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He once preached with little results to patrons in front of saloons. When a nervous Billy Graham was asked to preach his first sermon, he preached four sermons, each intended to last about 30 minutes, in only 8 minutes. He had only intended to preach one but found it was too short.

From humble beginnings, Graham, now 81 and fighting Parkinson's Disease, has preached the Christian gospel to more people than anyone in history (a total of more than 80 million in person in more than 70 countries). More than 3 million people have responded to the invitation at the end of his sermons to give their lives to Christ. Counting sermons on radio, television, and movies produced by his own company, more than 210 million people in 185 countries have heard his message.

Graham said on WAFF television in Huntsville, Alabama, that his message has never changed.

"Man's heart is the same as it was 50 years ago," Graham explained. "Nothing has changed. People still do the same old things. I plan to keep preaching as long as I have the strength to do it."

"My one purpose in life is to help people find a relationship with God, which I believe comes through Jesus Christ," Graham, who was converted himself at 17, said on his Web site for the Billy Graham Evangelistic Association.

Born near Charlotte, North Carolina, in 1918, Graham first attended Bob Jones University. He then attended Florida Bible Institute, began preaching, and changed his denominational affiliation from Associate Reformed Presbyterian to Southern Baptist. (His crusades have always been for all people, however.) He completed his education at Wheaton College in Illinois, where he met and married Ruth Bell, the daughter of a medical missionary, who had planned on being a missionary herself.

After preaching the four sermons in 8 minutes, Graham began to receive invitations to participate in revivals in country churches. When 32 people came forward during one invitation, he began for the first time to have "an inkling" he could be used by God in evangelism. He preached on such topics as "Who's Who in Hell."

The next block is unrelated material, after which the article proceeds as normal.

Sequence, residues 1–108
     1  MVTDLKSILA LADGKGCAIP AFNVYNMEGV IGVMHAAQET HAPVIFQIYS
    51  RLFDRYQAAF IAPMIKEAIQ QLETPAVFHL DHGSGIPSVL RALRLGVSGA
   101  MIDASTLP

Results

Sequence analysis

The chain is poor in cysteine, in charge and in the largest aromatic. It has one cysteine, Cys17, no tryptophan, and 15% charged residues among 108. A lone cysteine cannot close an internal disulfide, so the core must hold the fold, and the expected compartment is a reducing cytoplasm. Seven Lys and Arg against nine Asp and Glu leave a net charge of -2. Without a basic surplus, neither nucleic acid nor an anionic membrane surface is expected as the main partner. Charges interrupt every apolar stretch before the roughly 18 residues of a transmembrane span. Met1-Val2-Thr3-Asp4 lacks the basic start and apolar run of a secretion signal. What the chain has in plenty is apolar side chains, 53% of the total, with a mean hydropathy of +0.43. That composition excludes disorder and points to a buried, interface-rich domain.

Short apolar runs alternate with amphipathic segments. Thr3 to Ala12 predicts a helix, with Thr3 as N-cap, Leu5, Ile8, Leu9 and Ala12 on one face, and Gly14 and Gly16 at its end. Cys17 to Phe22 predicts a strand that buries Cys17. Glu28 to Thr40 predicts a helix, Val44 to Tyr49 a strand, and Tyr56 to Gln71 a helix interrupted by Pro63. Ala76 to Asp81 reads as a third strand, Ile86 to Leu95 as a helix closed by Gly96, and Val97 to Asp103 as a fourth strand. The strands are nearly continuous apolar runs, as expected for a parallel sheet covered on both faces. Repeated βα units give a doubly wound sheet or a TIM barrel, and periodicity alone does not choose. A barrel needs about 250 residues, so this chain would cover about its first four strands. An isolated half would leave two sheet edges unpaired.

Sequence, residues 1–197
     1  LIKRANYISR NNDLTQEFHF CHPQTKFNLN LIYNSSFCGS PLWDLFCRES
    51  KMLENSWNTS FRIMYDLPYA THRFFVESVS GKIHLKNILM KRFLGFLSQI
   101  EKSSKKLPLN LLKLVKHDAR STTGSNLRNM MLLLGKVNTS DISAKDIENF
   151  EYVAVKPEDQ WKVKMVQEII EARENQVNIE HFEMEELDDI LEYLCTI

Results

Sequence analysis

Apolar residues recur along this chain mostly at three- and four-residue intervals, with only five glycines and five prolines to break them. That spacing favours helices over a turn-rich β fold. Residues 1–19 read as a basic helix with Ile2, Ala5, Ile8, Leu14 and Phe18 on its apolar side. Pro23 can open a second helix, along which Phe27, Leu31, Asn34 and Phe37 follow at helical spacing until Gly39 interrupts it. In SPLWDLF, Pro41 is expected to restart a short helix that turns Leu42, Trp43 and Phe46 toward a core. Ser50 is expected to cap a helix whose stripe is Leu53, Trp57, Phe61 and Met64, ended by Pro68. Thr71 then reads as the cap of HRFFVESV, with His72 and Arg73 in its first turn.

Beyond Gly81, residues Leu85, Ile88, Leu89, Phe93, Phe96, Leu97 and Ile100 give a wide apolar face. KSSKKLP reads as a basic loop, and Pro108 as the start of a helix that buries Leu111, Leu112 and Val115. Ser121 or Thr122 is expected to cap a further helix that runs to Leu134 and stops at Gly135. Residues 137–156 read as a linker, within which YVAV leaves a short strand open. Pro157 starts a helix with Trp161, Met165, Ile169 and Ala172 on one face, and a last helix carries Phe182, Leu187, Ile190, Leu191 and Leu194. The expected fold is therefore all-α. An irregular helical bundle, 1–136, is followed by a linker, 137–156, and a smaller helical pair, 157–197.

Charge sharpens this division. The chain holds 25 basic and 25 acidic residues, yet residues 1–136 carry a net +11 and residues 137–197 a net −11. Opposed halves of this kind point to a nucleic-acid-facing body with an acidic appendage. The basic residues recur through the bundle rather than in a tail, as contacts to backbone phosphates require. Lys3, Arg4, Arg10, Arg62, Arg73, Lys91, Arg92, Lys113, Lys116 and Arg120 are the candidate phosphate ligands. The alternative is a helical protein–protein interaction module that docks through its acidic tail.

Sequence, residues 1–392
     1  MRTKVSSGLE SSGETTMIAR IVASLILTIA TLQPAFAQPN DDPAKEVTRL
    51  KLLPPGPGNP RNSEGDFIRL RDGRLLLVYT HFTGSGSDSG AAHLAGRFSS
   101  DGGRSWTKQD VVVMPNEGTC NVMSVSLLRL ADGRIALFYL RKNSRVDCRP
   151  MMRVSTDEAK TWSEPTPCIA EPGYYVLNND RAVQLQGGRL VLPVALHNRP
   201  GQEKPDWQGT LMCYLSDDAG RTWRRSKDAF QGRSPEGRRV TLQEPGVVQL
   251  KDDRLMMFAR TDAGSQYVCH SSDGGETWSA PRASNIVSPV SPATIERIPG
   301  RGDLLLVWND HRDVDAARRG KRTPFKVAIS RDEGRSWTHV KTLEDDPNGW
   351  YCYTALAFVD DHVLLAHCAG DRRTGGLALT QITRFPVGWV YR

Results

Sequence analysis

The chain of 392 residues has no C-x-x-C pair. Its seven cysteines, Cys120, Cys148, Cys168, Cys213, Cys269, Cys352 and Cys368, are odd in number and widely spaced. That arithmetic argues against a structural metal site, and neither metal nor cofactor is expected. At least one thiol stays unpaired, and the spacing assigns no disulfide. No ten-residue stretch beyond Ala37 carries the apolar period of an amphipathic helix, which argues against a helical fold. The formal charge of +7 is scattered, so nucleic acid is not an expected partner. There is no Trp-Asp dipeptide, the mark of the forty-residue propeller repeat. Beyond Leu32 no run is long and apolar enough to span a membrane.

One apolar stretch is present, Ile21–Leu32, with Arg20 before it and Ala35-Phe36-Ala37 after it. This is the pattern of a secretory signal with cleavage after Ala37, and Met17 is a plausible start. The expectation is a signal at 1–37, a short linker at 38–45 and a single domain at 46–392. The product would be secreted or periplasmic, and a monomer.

He earned enough money to buy a small car to drive to the revivals. He had earned $50-$75 a week for college as a Fuller Brush salesman.

While young, Graham briefly served as a youth director at a church. Graham also briefly served as the pastor of First Baptist Church in Western Springs, Illinois. His ultimate desire was evangelism, however. At 29, he briefly served as the youngest college president in America.

The groundwork for his crusades was laid when Graham became the field representative for Youth For Christ International. Then, as now, Graham had a heart for young people. In his role, he toured America and much of Great Britain and Europe. He taught people how to organize youth rallies. Friendships formed with Christian leaders would help in revivals.

Crusades in major cities began in Los Angeles, Boston, and others. His "Hour of Decision" radio broadcast began in 1950. Revivals that lasted for months were held in London in 1954 and New York in 1950. He had other successful revivals in North America and the Far East.

The founding of "Christianity Today" magazine in 1956 and nationwide telecasts of his revivals helped establish Graham. He also had a friendship with President Dwight Eishenhower and Vice President Richard Nixon.

Graham has been a fixture on numerous most admired men in America and the world lists. Graham has been the friend of the queen of England, the pope and several British prime ministers; he has received both the Presidential Medal of Freedom and the Congressional Gold Medal.

Graham has been a friend of every president since Eisenhower and has offered spiritual advice to the leaders. When the country has needed someone to offer a prayer at the innaguration or burial of a president or offer comfort in the time of crisis, such as the bombing of the federal building in Oklahoma City, it has turned to him.

Some fundamentalists were critical of Graham for cooperating with less fundamental churches after a crusade at Madison Square Garden in New York City.

"I intend to go anywhere, sponsored by anybody, to preach the gospel of Christ, if there are no strings attached to my message," Graham responded. "The only question is: are you committed to Christ?"

Whether he preaches about loneliness caused by not having God in a person's life, hell, drugs, alcohol, or family breakdown, Graham always offers hope.

"God does love them (the world) and will forgive all of their sins because of Christ on the cross," Graham said on WAFF television.

Graham is still preaching at 81 even if his health slows him down. He preached in June in Nashville in the 50,000-seat stadium that is home to the Tennessee Titans football team. His message of faith and repentance has never changed. Many have said their lives were changed forever after hearing Billy Graham.

Graham has written several books, including "Peace With God," published in 1953; "The Secret of Happiness," published in 1955; and his autobiography, "Just As I Am," published in 1997.